First, let me link downward to my ramblings about The Da Vinci Code, since I and others have been pointing people to it.
Now, on to my random musings of the day.
It's possible that my "midlife crisis," such as it is, began one day when we lived in Berkeley. I was walking through the city (what a beautiful city; I miss it) and thinking about crows. Wondering what kind of social groups they form, how they've adapted to life in an urban environment, that sort of thing. Neurons associated with that memory seem to be closely linked with neurons associated with the memory of reading something about how smart crows are: they can figure out how to get something hanging on the end of a string by pulling on the string, holding it in place with a foot, then pulling more, repeating until the tasty morsel is in reach.
The point of this being that, at that point, I started constructing an alternate identity for myself: an urban ornithologist. I'd study crows and other birds that adapted to urban environments. (I heard on the Scientific American podcast just yesterday morning that those populations are among the few bird populations that aren't in trouble due to human expansion, as you'd expect, I suppose.)
Over the years, I have imagined other alternate identities. Around the same time, I started working through The Vein of Gold, a sequel to The Artist's Waythat's about unlocking your creativity. (Never made it all the way through; can't really recommend for or against.) One of the things that book asked me to write about was, "If I had 5 other lives to lead, I would be..." My answers, on 2/20/1999:
(a) an astronomer (SETI, cosmology)
(b) an ornithologist! (crow behavior)
(c) a computer programmer
(d) a bestselling novelist
(e) a composer
The ornithologist one is actually kind of amusing, because I was really into birds when I was in elementary school, and thought at the time that I wanted to be an ornithologist when I grew up.
So the other day I was thinking about the question again. I alluded to the professor of New Testament alternate life in an earlier entry. I've got a random new one: A cultural anthropologist. Specifically, I'm fascinated by the little crosses you see erected on the roadside to commemorate someone's death on the road. There's one I pass every morning driving my son to school, and I noticed the other day that it's been cleaned up, maybe replaced. Who's doing it? When do they come? Why that site, rather than a grave? Is there a message it's intended to convey? How does it fit in to rituals and psychological processes of grieving?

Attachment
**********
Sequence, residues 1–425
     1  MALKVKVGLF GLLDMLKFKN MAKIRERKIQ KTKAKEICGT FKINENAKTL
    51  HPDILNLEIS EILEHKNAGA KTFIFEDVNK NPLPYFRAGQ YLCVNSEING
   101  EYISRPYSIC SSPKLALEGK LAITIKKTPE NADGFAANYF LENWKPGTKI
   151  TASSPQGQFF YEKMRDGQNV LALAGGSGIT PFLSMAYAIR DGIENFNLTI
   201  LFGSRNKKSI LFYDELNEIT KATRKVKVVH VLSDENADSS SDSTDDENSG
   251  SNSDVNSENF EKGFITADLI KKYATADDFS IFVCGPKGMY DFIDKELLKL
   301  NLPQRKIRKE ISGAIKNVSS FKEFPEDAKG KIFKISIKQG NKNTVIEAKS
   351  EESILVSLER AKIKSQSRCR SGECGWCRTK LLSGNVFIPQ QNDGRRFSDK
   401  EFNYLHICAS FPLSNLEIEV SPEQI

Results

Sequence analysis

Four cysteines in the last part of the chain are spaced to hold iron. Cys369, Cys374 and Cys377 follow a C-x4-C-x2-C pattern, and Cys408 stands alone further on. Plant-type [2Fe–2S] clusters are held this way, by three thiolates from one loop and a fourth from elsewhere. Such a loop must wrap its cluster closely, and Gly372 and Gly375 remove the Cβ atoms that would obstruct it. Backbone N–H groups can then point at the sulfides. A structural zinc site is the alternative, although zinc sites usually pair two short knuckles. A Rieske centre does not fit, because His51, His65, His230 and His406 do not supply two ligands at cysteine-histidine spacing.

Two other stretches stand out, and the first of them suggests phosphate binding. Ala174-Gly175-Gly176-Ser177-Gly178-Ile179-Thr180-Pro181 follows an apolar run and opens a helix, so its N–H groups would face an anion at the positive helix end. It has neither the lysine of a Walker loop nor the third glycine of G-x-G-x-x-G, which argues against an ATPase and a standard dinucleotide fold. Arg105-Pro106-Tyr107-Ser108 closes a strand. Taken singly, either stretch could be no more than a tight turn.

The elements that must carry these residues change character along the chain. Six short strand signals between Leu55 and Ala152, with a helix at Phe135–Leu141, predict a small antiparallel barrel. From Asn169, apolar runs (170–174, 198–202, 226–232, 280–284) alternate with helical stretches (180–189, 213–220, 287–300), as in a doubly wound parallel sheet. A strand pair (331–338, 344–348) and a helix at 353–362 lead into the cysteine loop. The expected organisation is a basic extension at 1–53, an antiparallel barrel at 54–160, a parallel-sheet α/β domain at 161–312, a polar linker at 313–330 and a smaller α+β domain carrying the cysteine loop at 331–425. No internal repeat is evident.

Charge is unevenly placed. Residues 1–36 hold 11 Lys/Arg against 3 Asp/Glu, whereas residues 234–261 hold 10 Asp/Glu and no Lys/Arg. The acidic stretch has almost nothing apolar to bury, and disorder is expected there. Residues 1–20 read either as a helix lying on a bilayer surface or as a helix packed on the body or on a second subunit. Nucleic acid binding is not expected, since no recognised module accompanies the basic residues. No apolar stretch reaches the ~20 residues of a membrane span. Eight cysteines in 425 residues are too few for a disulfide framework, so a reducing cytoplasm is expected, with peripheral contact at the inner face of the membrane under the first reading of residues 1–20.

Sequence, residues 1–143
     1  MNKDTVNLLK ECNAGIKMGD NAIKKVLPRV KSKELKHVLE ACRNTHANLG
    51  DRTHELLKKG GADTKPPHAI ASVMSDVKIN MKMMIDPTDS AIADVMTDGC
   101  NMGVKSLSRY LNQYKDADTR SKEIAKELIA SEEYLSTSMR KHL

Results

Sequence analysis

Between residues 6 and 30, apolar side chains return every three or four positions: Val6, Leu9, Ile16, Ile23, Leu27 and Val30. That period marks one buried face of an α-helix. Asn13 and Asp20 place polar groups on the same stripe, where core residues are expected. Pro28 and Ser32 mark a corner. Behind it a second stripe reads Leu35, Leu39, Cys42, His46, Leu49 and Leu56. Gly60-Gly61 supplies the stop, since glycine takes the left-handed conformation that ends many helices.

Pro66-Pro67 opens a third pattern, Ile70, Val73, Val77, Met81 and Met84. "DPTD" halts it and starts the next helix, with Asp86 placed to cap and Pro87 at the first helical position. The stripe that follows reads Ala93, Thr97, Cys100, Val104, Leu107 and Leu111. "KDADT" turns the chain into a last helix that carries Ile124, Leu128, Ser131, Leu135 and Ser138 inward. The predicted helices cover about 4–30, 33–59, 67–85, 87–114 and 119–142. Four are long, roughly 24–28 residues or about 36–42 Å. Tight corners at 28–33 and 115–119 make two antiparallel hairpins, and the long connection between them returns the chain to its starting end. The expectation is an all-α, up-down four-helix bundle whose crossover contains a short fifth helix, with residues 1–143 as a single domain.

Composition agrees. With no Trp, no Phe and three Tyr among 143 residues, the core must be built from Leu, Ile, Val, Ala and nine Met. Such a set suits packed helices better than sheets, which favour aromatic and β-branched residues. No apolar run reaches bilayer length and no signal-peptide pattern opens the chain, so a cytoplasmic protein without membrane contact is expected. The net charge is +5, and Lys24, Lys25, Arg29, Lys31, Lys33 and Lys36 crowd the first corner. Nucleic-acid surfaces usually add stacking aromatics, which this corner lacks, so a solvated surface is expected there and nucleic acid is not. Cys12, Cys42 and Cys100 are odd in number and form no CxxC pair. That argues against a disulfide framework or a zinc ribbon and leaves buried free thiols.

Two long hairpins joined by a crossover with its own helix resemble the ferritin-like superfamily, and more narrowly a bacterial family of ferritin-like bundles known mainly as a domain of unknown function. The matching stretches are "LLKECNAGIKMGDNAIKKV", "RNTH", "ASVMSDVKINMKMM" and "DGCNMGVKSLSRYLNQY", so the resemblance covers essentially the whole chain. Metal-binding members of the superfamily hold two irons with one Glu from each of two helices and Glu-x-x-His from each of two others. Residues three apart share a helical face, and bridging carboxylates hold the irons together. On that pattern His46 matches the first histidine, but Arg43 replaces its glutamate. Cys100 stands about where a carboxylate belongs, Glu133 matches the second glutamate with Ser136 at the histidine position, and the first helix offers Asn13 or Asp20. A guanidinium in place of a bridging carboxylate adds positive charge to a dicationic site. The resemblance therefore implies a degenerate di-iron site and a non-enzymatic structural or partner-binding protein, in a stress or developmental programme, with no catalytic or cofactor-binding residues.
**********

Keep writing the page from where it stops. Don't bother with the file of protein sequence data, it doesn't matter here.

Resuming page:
Wow, look what I found. Fascinating! Oh, and this one too.
Science tends to play a big role in my alternate realities, which is also kind of funny, because of how fully I turned my back on science in college and since. Maybe one could argue that I have embraced the emotional, spiritual, and creative parts of my personality while neglecting the rational-scientific. One of the things I really enjoyed about doing web and multimedia design was that I felt that work used "both sides of my brain"—the creative aspect was in perfect synergy with the technical work. To an extent, I think that's true of game design. So maybe my recent renewal of interest in science serves to counterbalance all the creative energy I've spent writing novels and such. :)
So the professor of New Testament is an alternate career I could theoretically still pursue. The others seem less realistic somehow. Well, bestselling novelist isn't too far-fetched, I guess, especially depending on how far down the New York Times bestseller list you still consider to be "bestselling."
All right, enough rambling. Quickly: I've been back at work this week, with my back mostly better. Still some discomfort, and I'm writing this from my accustomed place on the couch, knees up. But I actually think that it's helped to be up and around. And it's been good for my spirits (and spirit) to be back at work and out of the house and such. I'm still working on an outline for my next Eberron novel, but I hope to start writing in earnest within the next couple of weeks. I started a new WoW character on Khaz Modan so that I can, once again, play with others. Play Horde on Khaz Modan? I'm Shazu, currently a 9th-level troll shaman. The weather has been beautiful the last several days. This afternoon, a quorum of the D&D design staff held our twice-weekly meeting at Baskin Robbins. I didn't even notice any funny looks as we talked about dwarves and elves.
Hey, on that topic: What races do you play? What goes into your decision of what race to play? How much is it a mechanical choice, and how much do you make the decision based on other factors ("I like dwarves" "Elves look cool" "Goliaths have a really interesting culture")? Beyond the mechanics, what do you feel it's most important for you to know about a new race if you're going to play one?